Chicago Bears owner Aaron Rodgers doesn’t need to defend his epic speech. The numbers are on his side
The last time the Green Bay Packers and Chicago Bears met on the soccer field, quarterback Aaron Rodgers gave us one of the greatest trashy conversation moments of all time.
The “I own you”, as it will be called, is up there with Muhammad Ali floating like a butterfly and stinging like a bee. It’s the kind of trashy talk that would make greats like Kobe Bryant and Michael Jordan proud.
It’s also something Rodgers doesn’t regret
Remember when Aaron Rodgers took over the Chicago Bears
In the fourth quarter of that fateful game, the Packers led 17-14, looking to bleed the clock and put the dagger into their bitter rival. Chicago had just scored to get closer to three points, and the Bears had a ton of momentum.
Recovering the ball on his own with 8:44 left to play, Rodgers led a seven-game 75-yard workout that got caught 4:14 behind and ended with that much-needed dagger plunging into the hearts of Bears fans everywhere. .
His six-yard touchdown in the corner of the end zone gave the Packers a 24-14 lead after the extra point, and that ended up being the final score of the game. The race also put Rodgers right in the corner of the field, facing thousands of angry and disappointed Chicago fans.
Rodgers, clearly puffed up, shouted his now famous taunt.
“I’ve owned you my whole f ****** life!” I own you, I still own you, âhe shouted at the crowd, instantly raising his legend in Green Bay and at the same time becoming a viral meme in the NFL.
Rodgers doesn’t regret his epic rant
Speaking to Ryan Wood of the Green Bay Press-Gazette recently, Rodgers again recounted that his comments were primarily aimed at the fans who gave him “the bird” on that fateful day, and not Chicago as a whole.
He does agree, however, that his apparent ownership of the Bears is based on the facts, so he didn’t respond much to his speech.
âI don’t know if you can question a lot of what I said. We’ve had a good record over the years against them and won a lot of games, âsaid Rodgers. âAt some point it will be used against me. It’s like that. I do not regret having said that at all.
As the Packers and Bears meet again, but this time at Lambeau Field, Chicago at least has a chance to use Rodgers’ words against him.
The problem for the Bears is that history is not on their side.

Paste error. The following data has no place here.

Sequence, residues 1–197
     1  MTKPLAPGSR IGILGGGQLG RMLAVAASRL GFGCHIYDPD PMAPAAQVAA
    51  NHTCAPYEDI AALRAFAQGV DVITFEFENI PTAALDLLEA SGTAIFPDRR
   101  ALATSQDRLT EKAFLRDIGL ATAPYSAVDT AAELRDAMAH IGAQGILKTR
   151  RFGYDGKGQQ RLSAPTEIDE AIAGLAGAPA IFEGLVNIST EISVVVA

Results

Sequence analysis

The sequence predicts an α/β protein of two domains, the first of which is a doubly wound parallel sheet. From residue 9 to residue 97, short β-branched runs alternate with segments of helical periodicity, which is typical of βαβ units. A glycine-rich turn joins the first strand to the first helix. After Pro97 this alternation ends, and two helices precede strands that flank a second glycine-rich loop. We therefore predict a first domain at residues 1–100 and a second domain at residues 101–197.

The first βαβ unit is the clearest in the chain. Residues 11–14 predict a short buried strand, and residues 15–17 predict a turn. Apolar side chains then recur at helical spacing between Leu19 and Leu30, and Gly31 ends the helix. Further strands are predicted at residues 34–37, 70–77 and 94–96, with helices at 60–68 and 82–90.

Rodgers’ claim to ownership of the Bears is statistically accurate
The Packers ‘Week 6 win over Chicago improved Rodgers’ record over the Bears to 22-5 overall, and that includes the playoffs. He threw 6,352 yards and 57 touchdowns against the Bears, with just 12 interceptions. He’s 11-3 when playing for Chicago at Soldier Field.
Things don’t get much better when we play on the road for Chicago. The Bears haven’t won a game at Lambeau Field since 2015. Shoot, the last time the Bears beat the Packers was in 2018, and the person in charge of Green Bay at that time was the Bears. Interim Head Coach Joe Philbin. Mike McCarthy was sacked earlier in the season.
Speaking of coaching, since Matt Nagy took over in Chicago, the Bears are 1-6 against the Pack. This victory was the one mentioned above against Philbin.
âThe bottom line is that recently, in these four years since I’ve been here, we haven’t beaten them enough,â Nagy said, according to Jason Wilde. âWe have to win these games – and we didn’t.
Green Bay enters Sunday night’s game at 9-3 and is still aiming for first place in the NFC. The Packers can also win NFC North with a win over Chicago, although they also need the Vikings to lose or draw in the process. Still, the North is a lock for the Packers; it’s just a matter of when it’s theirs.
Things are very different for the Bears. Chicago is 4-8, and Nagy could face his final games as a head coach. There were reports before Thanksgiving that he might have been fired during the season, and while those reports turned out to be false, there doesn’t seem to be much optimism that he was “the guy” for. leading the Justin Fields era of Chicago football.
Aside from his record against the Packers, Nagy started his Chicago career with a 12-4 season and a trip to the playoffs, but has grown to 8-8 in both seasons since, and this season is expected to end. end with a losing record.
One would think that the Chicago property will be looking to move in a different direction this offseason. However, if you were to ask Rodgers, he would probably want to vote for the property to keep Nagy as long as possible.
Statistics courtesy of ESPN and Pro Football Reference.
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